Foreign-film fans in Indonesia may still have reason to hope after a Finance Ministry official on Monday said the controversy over the tax on imported films was all a misunderstanding.
Thomas Sugijata, director of excise at the ministry, said there was in fact no new tax policy on imported films.
Foreign distributors on Thursday said they were halting the supply of imported films, believing the government was imposing a hefty additional tax.
The boycott meant that Indonesian fans would be denied seeing imported films, including the top overseas blockbusters.
“What there actually is,” Sugijata said, “is a reassessment of the customs value of imported films.” He added that the National Film Development Agency (BP2N) in February last year sent a letter recommending a reassessment of the customs value, which it said was too low.
The result, he said, was that foreign distributors would now be paying higher fees up front, but possibly lower fees on the back end.
“The royalty element was incorporated in the import value,” he said, which resulted in a higher customs value for the films. Previously, royalty payments were only calculated after a film had been distributed.
“This is really purely a matter of correct assessment, in line with the regulations.”
Heri Kristiono, a customs and excise technical director at the Finance Ministry, told reporters separately that the law on customs stipulates that royalties should be included in the import tax calculation.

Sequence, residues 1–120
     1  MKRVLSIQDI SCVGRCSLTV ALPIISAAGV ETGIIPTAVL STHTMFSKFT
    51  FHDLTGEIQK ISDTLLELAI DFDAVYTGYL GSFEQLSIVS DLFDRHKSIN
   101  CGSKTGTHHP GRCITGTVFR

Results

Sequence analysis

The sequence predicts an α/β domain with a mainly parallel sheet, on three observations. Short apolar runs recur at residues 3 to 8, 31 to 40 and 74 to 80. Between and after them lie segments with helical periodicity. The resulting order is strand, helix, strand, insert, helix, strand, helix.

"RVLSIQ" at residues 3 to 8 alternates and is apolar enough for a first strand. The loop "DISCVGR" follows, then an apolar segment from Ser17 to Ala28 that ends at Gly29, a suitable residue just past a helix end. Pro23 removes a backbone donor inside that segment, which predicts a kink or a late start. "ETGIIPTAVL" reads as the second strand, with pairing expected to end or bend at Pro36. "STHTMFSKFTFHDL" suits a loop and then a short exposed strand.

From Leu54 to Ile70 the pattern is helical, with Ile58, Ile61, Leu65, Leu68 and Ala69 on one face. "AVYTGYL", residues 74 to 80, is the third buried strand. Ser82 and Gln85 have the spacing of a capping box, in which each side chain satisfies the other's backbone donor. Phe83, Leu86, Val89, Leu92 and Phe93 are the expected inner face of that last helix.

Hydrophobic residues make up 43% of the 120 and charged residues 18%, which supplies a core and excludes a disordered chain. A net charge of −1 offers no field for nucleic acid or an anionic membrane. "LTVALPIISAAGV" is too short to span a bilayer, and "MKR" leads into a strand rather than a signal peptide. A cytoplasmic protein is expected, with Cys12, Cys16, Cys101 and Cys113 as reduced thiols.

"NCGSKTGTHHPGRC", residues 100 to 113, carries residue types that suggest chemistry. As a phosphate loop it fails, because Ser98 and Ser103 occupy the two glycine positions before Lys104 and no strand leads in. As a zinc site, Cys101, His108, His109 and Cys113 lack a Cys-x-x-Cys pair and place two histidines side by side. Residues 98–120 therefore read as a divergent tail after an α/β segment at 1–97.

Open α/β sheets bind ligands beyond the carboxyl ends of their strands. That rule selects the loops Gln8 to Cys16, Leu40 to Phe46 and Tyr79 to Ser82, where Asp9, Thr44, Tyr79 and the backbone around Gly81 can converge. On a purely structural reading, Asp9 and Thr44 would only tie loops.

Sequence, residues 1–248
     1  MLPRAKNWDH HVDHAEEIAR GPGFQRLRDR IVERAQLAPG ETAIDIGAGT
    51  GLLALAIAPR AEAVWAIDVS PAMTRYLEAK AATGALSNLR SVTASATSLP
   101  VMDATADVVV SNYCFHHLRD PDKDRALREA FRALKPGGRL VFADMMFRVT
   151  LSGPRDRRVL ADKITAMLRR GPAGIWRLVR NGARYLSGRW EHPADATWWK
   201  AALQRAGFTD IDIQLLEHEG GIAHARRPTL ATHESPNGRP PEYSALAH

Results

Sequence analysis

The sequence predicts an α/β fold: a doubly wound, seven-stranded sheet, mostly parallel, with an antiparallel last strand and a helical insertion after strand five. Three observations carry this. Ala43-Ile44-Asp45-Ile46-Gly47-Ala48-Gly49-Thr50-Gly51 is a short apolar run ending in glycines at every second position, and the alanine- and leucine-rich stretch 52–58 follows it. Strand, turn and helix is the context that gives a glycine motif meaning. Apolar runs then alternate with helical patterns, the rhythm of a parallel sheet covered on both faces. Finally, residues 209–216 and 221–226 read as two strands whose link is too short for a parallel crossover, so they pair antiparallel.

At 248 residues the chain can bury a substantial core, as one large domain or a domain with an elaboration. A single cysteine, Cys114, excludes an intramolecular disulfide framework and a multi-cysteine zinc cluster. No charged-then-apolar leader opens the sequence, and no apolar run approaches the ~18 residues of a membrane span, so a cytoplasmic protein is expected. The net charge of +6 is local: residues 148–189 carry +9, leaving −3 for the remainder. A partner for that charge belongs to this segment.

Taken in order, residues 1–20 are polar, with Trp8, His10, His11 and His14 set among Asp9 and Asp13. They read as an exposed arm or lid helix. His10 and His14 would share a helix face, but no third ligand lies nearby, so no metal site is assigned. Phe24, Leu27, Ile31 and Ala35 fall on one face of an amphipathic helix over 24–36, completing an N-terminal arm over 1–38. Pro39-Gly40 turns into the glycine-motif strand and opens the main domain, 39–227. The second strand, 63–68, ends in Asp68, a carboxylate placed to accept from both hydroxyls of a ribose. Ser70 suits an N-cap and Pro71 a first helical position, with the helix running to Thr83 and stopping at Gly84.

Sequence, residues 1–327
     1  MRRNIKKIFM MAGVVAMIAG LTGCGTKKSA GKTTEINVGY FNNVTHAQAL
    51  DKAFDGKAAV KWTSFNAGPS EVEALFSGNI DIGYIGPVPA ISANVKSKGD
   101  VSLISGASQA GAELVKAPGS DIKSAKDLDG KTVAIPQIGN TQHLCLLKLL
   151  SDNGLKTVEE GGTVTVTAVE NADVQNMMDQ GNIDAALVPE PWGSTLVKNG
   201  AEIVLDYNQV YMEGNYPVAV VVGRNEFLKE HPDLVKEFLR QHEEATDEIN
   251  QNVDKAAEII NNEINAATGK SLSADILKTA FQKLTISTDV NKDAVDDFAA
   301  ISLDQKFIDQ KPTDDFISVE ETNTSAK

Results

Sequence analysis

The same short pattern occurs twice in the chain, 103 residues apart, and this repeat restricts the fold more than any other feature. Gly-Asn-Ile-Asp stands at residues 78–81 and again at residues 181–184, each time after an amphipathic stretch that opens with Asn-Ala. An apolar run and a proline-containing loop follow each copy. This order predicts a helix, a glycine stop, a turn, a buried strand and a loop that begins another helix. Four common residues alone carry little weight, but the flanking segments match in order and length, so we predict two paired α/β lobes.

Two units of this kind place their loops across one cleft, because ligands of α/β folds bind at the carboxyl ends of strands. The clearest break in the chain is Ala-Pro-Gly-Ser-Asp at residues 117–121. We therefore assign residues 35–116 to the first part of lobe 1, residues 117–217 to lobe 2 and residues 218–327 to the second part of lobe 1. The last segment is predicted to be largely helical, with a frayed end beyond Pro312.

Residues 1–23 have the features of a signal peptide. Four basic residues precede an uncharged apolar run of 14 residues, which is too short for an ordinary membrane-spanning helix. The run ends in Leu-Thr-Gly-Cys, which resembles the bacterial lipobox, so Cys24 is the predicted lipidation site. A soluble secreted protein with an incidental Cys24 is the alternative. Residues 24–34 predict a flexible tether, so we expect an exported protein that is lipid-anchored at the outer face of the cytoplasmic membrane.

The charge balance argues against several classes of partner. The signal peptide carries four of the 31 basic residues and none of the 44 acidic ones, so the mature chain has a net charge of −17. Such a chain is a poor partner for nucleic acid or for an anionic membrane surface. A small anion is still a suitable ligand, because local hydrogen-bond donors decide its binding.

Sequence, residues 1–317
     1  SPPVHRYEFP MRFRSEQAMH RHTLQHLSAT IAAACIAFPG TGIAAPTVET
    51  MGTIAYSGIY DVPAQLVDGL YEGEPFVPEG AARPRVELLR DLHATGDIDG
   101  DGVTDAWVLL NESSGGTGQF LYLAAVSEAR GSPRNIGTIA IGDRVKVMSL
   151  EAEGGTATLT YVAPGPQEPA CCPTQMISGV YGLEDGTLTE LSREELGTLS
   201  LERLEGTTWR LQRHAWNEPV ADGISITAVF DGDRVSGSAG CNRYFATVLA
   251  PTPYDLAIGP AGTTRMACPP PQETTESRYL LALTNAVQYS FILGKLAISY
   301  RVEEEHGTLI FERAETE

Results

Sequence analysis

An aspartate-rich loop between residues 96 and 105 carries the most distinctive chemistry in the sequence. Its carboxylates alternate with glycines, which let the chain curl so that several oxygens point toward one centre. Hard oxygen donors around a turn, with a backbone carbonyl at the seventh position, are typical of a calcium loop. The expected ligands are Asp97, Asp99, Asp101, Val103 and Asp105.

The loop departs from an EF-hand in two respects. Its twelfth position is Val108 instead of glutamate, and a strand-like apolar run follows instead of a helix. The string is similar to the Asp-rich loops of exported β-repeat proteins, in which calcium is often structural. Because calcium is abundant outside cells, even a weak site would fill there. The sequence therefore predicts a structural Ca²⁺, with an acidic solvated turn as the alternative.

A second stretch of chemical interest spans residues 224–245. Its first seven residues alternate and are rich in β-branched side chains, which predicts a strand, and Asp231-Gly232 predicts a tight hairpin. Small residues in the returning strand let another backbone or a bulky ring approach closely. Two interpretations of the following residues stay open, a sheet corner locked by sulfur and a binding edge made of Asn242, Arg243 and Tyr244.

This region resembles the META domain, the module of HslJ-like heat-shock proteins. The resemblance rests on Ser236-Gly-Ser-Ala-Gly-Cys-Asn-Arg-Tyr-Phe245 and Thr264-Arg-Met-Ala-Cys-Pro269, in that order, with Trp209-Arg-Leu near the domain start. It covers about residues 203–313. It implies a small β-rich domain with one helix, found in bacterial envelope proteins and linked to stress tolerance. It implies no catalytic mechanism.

“We plan to reassess the value this year,” Heri said. The royalty value, he said, depended on the agreement between the foreign distributor and the importer.
Heri said that the tax office had ratified the WTO Customs Valuation Agreement, which states that in determining customs values, royalties — such as payments in respect to patents, trademarks and copyrights — should be included.
The foreign film distributors may have seen the higher taxes on imported films as the results of a new tax, he said, while the reason for the higher figures was the incorporation of royalty fees into the customs values.
Based on the current tax law, importers pay 23.75 percent of the film’s customs value, including import tax, value added tax and income tax.
Previously, royalties were not calculated because distributors argued that the amount would only be known after the film had been released, Heri said.
“Importers should know this. There are no problems with other royalties such as for books and music,” he said.
Darussalam, a tax expert from the University of Indonesia, said that such disputes in interpretation were always problematic in determining customs values across the world.
“There is nothing wrong with the government attempt to determine customs values based on royalties,” Darrusalam said.
Heri said the customs value of imported films had previously been based on the physical length of the film roll, with each meter valued at 43 cents.
“Therefore, there is no new levy or increase in import duty fees on imported film.”
Heri added that on Friday, the Directorate General of Customs, the Motion Picture Association and foreign film producers such as Walt Disney, Time Warner and Sony Pictures had discussed the newly appraised customs value of imported film. “Actually they have responded to us positively.
“However, they were to write to us about their concerns and objections, which we have not received until now.”
Tax schemes for local films also are being assessed.